Two NU alumnae on Trump's shortlist for Justice Kennedy replacement

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Justice Anthony Kennedy, the court's swing vote, is retiring at the end of July.

President Trump will announce his nominee for the next U.S. Supreme Court Justice this Monday and already outside groups from both sides of the political aisle are committing millions of dollars in advertisements surrounding what is expected to be a lengthy and rancorous confirmation battle.

It's President Donald Trump's second year in the oval office and the second time he'll be naming a Supreme Court nominee.

After the Senate Majority Leader Mitch McConnell changed Senate rules previous year, eliminating the filibuster of Supreme Court nominees and clearing the way for easy confirmation of Trump's first pick Justice Neil Gorsuch, Republicans feel emboldened.

Murkowski and Maine Sen. She said she would have an "in-depth discussion" with Trump's nominee to replace Kennedy.

More than 6 in 10 US voters, 63 percent, said in the Quinnipiac University Poll that they agreed with the decision, more than twice as much as the 31 percent who disagreed.

Sources say Collins specifically opposes federal Appeals Court Judge William Pryor, who once called Roe "an abomination".

Trump has explicitly vowed in the past to appoint justices who would overturn Roe v. Wade, the landmark case that affirmed abortion as a constitutional right, and his nominee following Kennedy's retirement will determine the majority of the high court for decades to come.

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"The burden of proof is on the nominee to prove that they will proactively protect Roe v. Wade and until they do no senator, and particularly no senators who consider themselves pro-choice, should vote for the nominee".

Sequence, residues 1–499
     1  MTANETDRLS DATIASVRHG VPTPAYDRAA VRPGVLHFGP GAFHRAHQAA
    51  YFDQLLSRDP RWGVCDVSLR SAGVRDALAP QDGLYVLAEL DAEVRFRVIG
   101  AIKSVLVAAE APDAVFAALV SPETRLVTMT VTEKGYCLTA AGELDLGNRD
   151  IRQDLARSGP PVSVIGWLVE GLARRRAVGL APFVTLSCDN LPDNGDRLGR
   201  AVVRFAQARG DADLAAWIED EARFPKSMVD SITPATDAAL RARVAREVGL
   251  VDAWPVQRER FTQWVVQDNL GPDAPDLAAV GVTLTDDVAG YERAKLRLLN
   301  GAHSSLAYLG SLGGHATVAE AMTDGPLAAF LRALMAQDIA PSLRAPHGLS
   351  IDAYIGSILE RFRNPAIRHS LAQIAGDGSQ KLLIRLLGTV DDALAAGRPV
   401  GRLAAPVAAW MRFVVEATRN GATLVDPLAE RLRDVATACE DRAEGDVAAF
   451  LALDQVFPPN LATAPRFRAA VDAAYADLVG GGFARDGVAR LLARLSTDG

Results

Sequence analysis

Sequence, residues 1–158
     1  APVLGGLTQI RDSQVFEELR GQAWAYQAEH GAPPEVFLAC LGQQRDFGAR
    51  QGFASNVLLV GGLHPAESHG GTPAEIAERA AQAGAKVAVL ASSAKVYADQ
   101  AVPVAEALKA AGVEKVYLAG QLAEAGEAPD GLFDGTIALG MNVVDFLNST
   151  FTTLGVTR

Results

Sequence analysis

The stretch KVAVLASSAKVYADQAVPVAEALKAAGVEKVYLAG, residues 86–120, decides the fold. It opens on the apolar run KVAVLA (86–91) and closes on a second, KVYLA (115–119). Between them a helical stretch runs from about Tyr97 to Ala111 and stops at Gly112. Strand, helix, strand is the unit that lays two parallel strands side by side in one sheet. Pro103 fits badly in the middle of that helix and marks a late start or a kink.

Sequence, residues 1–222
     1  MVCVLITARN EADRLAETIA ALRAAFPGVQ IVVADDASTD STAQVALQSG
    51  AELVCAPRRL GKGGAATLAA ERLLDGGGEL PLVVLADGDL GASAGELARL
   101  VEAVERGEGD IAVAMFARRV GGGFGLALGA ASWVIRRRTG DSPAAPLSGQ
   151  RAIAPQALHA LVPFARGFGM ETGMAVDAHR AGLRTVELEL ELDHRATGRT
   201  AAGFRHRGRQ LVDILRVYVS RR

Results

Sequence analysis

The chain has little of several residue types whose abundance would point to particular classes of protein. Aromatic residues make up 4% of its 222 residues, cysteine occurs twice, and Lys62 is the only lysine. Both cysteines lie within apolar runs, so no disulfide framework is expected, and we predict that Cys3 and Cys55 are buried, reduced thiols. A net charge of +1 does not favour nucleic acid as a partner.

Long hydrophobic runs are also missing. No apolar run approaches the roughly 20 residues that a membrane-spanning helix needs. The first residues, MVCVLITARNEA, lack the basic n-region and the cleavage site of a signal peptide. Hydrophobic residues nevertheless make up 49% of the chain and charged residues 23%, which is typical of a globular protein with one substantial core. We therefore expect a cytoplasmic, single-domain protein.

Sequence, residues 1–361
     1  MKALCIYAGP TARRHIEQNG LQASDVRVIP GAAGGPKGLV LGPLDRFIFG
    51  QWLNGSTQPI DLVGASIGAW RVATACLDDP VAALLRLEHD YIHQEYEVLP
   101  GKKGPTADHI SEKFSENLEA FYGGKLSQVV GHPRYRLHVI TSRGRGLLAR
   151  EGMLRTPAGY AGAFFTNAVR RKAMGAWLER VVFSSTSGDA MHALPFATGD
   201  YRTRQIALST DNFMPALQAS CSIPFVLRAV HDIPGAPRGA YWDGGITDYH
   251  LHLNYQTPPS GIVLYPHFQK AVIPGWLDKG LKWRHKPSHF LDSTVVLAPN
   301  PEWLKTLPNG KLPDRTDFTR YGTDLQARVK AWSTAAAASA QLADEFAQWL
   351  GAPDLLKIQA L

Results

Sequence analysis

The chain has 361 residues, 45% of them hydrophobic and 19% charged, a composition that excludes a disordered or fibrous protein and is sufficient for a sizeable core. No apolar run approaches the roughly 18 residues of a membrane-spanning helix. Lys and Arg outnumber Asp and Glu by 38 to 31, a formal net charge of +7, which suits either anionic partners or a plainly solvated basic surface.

Trump said late last week he had narrowed his short list of candidates to five, including two women.

The Republicans' 51-to-49 majority in the Senate is even closer because of the absence of ailing Senator John McCain of Arizona.

"I can't imagine the president asking the nominee about Roe v. Wade or the nominee expressing a position of Roe vs. Wade privately or publicly", McConnell said. That judicial approach typically involves a more literal interpretation of the Constitution as compared to broader rulings such as Roe.

Collins, who has previously bucked party lines on other key issues such as health care, said she plans to have an in-depth conversation with the nominee.

She also served as deputy assistant attorney general in the U.S. Department of Justice Office of Legal Counsel, and clerked for David B. Sentelle of the U.S. Court of Appeals for the D.C. Circuit, and for former Supreme Court Justice Antonin Scalia in the U.S. Supreme Court.

And if the votes result in a tie, Vice President Pence will hold the tie-breaking vote-and his anti-abortion stance is well-known.

While appearing on ABC's "This Week" on Sunday, Collins framed hostility towards the Roe v. Wade outcome as a form of "activism" that disrespects judicial precedent.

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